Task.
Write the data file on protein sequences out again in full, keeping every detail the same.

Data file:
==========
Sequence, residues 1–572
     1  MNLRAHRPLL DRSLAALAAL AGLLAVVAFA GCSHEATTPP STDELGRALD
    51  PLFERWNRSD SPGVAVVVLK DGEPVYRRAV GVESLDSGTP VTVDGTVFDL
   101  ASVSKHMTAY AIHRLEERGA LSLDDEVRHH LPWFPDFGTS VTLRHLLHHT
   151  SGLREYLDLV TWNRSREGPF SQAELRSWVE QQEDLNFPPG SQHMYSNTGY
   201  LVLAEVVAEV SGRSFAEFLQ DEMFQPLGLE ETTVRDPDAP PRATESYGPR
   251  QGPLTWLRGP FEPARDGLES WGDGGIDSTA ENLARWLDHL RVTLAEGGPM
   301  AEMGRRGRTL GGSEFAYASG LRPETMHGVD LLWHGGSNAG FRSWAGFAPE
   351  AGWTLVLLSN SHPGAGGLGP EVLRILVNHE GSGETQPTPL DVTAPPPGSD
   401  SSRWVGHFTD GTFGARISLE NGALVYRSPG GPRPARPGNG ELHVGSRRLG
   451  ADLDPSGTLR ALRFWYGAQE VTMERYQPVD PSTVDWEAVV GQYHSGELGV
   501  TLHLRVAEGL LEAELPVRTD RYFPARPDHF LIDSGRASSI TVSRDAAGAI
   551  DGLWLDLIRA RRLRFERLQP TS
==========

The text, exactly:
Sequence, residues 1–572
     1  MNLRAHRPLL DRSLAALAAL AGLLAVVAFA GCSHEATTPP STDELGRALD
    51  PLFERWNRSD SPGVAVVVLK DGEPVYRRAV GVESLDSGTP VTVDGTVFDL
   101  ASVSKHMTAY AIHRLEERGA LSLDDEVRHH LPWFPDFGTS VTLRHLLHHT
   151  SGLREYLDLV TWNRSREGPF SQAELRSWVE QQEDLNFPPG SQHMYSNTGY
   201  LVLAEVVAEV SGRSFAEFLQ DEMFQPLGLE ETTVRDPDAP PRATESYGPR
   251  QGPLTWLRGP FEPARDGLES WGDGGIDSTA ENLARWLDHL RVTLAEGGPM
   301  AEMGRRGRTL GGSEFAYASG LRPETMHGVD LLWHGGSNAG FRSWAGFAPE
   351  AGWTLVLLSN SHPGAGGLGP EVLRILVNHE GSGETQPTPL DVTAPPPGSD
   401  SSRWVGHFTD GTFGARISLE NGALVYRSPG GPRPARPGNG ELHVGSRRLG
   451  ADLDPSGTLR ALRFWYGAQE VTMERYQPVD PSTVDWEAVV GQYHSGELGV
   501  TLHLRVAEGL LEAELPVRTD RYFPARPDHF LIDSGRASSI TVSRDAAGAI
   551  DGLWLDLIRA RRLRFERLQP TS